Andrea: One last thing. I wish I didn’t have to invest the time to learn a whole new language with Twitter: “RT,” “TY,” the myriad other abbreviations, and the effort it takes to say something sensible in 140 characters. We humans can barely communicate well in our native tongue. Isn’t our time better spent trying to master our own language?

Charlie: That’s what I keep saying to the French when I visit Paris! But I haven’t been able to convince them yet to speak English.

Andrea: Tell me you did not just try to compare Twitter to Paris.

What’s your perspective? Join the conversation. Post a comment to this blog. Tweet about it. Email us. Or—gasp—give us a call.

Empty Calorie Social Networking

I’m an enthusiastic user of many social media. I welcome interaction on Twitter (@charleshgreen), for example. In many ways, online networking is sort of the first derivative of the old, face-to-face type—faster, shallower, but broader and more far-reaching, and with essentially the same objective.

Still, there are some differences. In ‘real’ (i.e. analog) life, socializing can be an end in itself. Online, sometimes the connection is dropped; the symbol no longer links to the symbolized. Numbers become their own narcissistic rationale.

Call it empty calorie social networking—lots of apparent connections, but with no socially nutritional value.

Buying Friends and Buying Lists

Which feels more personal to you: email addresses, or twitter handles? If you’re like most people, you probably have a lot more email addresses than twitter addresses. After all, the social media are opt-in—you choose who gets to be in your network.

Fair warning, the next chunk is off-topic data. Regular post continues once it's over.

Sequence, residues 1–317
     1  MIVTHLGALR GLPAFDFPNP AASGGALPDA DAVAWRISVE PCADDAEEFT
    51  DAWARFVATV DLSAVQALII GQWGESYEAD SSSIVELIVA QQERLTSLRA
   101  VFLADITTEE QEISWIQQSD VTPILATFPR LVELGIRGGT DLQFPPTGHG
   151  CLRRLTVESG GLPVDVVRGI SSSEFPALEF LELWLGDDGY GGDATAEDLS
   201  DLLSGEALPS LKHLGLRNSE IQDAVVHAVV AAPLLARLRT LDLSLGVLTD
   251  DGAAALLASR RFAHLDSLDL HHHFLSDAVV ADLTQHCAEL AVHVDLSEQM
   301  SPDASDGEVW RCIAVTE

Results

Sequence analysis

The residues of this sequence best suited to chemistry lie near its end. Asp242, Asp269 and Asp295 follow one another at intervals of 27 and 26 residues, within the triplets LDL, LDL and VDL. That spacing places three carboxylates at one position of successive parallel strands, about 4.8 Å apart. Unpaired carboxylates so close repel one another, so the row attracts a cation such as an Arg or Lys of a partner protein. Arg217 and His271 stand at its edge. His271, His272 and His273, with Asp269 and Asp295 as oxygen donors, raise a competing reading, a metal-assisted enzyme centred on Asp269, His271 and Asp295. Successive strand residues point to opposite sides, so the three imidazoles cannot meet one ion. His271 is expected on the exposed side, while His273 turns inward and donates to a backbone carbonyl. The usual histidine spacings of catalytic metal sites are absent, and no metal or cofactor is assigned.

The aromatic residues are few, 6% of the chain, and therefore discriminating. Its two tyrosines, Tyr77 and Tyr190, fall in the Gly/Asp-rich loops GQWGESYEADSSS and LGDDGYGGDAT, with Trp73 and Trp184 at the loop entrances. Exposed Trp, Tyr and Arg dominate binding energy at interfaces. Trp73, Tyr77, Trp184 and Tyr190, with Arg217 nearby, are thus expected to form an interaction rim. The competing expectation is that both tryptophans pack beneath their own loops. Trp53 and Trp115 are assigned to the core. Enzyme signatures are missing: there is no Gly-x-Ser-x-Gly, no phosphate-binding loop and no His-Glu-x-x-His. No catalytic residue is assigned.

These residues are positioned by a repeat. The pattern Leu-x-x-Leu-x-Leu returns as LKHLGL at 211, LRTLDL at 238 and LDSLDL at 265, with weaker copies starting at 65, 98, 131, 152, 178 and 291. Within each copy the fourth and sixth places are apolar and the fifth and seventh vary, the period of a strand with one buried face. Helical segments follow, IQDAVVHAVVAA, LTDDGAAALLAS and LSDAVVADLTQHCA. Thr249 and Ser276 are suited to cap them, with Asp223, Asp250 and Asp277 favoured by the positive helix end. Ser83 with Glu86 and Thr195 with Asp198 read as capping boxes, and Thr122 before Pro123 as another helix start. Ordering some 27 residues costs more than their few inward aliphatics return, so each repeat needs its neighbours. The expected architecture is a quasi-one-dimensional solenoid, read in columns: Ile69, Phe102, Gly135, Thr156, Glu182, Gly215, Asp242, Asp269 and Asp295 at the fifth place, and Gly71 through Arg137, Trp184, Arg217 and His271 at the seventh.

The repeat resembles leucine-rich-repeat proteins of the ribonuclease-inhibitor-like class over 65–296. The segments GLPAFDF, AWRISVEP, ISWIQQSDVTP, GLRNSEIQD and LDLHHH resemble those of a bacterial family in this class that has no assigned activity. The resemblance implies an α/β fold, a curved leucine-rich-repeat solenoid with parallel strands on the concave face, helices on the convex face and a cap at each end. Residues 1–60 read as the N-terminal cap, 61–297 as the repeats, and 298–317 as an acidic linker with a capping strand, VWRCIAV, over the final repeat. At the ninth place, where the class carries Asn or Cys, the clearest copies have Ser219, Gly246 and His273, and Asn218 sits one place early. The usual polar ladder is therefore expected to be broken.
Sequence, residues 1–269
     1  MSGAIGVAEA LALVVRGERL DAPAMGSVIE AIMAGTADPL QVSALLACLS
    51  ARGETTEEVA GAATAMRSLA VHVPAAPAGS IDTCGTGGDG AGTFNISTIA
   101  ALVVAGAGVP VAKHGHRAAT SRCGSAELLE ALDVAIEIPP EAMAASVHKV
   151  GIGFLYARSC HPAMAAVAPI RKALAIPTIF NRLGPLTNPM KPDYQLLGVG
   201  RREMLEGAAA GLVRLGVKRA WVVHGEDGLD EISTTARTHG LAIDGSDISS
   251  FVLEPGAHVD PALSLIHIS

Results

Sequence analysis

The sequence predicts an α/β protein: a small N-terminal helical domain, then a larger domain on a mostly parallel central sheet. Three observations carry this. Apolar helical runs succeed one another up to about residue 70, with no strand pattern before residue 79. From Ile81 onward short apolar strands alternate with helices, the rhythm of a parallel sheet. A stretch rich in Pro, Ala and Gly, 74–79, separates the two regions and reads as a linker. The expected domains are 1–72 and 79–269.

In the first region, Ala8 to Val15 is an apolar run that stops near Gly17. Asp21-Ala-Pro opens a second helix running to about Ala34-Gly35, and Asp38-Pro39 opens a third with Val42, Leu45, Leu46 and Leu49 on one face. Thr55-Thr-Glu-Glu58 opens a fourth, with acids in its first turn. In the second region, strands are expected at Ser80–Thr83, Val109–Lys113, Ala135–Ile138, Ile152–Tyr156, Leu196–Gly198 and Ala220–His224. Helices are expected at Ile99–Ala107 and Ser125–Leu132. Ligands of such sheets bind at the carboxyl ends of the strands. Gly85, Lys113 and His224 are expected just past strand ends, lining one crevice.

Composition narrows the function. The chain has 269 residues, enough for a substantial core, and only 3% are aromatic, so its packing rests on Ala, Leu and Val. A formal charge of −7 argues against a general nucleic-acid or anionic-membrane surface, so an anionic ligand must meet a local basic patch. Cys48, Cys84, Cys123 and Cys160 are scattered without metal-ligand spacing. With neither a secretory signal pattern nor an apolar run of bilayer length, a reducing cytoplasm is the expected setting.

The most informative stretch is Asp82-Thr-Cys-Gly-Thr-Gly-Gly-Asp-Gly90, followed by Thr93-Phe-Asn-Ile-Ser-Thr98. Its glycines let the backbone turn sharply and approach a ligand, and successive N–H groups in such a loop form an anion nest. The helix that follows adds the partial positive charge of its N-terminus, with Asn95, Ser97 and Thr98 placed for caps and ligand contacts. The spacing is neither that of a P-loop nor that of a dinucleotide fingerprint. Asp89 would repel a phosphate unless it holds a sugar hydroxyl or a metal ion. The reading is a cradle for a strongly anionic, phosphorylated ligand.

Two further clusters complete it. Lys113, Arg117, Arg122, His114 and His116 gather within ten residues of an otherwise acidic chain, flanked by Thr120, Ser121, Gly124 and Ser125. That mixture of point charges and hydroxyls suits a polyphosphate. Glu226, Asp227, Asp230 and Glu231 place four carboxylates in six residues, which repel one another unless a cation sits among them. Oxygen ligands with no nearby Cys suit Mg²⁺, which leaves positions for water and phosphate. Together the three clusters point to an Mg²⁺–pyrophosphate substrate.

But check this out.

You can buy a one-time email list of people who purchased homes in the State of New Jersey in the last 30 days. It will cost you $500 for about 5000 names—that’s $0.10 per name.

You can also buy 10,000 twitter followers for $97.00—that’s $0.01 per name—one tenth the cost of emails.

The email list is ten times more expensive than the twitter list. Still think opt-in networks are special?

Of course, there are a lot of reasons why those particular numbers might diverge, but one of them is this: a lot of the ‘social’ in ‘social networking’ is nothing of the kind. It isn’t just ‘lo-cal’ networking, it’s utterly ‘no-cal.’

Who’s Consuming All Those Empty-Calorie ‘Connections?’

I’m not talking about those who follow @charliesheen (1.8 million at this moment) or Justin Bieber (7.8 million). I’m talking about those who follow 20,000 people and who have 20,000 zombie-like followers themselves—and who have only ever published ten tweets.

What’s driving this is a perversion of relationships—reciprocity gone wild. You follow me, I’ll follow you, and we’ll all get—bigger numbers. But for what end?

There is more than a whiff of spam about all this, but that’s not all that’s going on. Spam is imposed against our will; following is not. Spam survives on one hit in 10,000—following gets darn near 100% returns. Like Pogo, we have found the enemy, and it is us.

Much as high-calorie junk food addiction is being linked to obesity in the physical realm, there’s an addictive quality about this empty-calorie following. Fat follower lists are not conducive to relationship help.

Out of control eating no longer has anything to do with nutrition; out of control follower-collecting no longer has anything to do with relationships.

Ask yourself: why are you following someone? If your answer is anything but “because they sound interesting,” enlighten me.

Collaboration: Trust Matters Interview with Brandon Klein

I first met Brandon Klein when we were swamped processing people at the outset of the Trust Summit in NYC October 23. Some very nice guy came over and, simply, offered to pitch in and help. Which he then proceeded to do, and most ably.

That was Brandon, and it turns out, that was characteristic of him. He doesn’t just collaborate, he does collaboration. In particular, he’s something of an expert in the practical ways of organizing gatherings of human beings in ways that maximize output. That includes social dynamics, ergonomics, technology and psychology.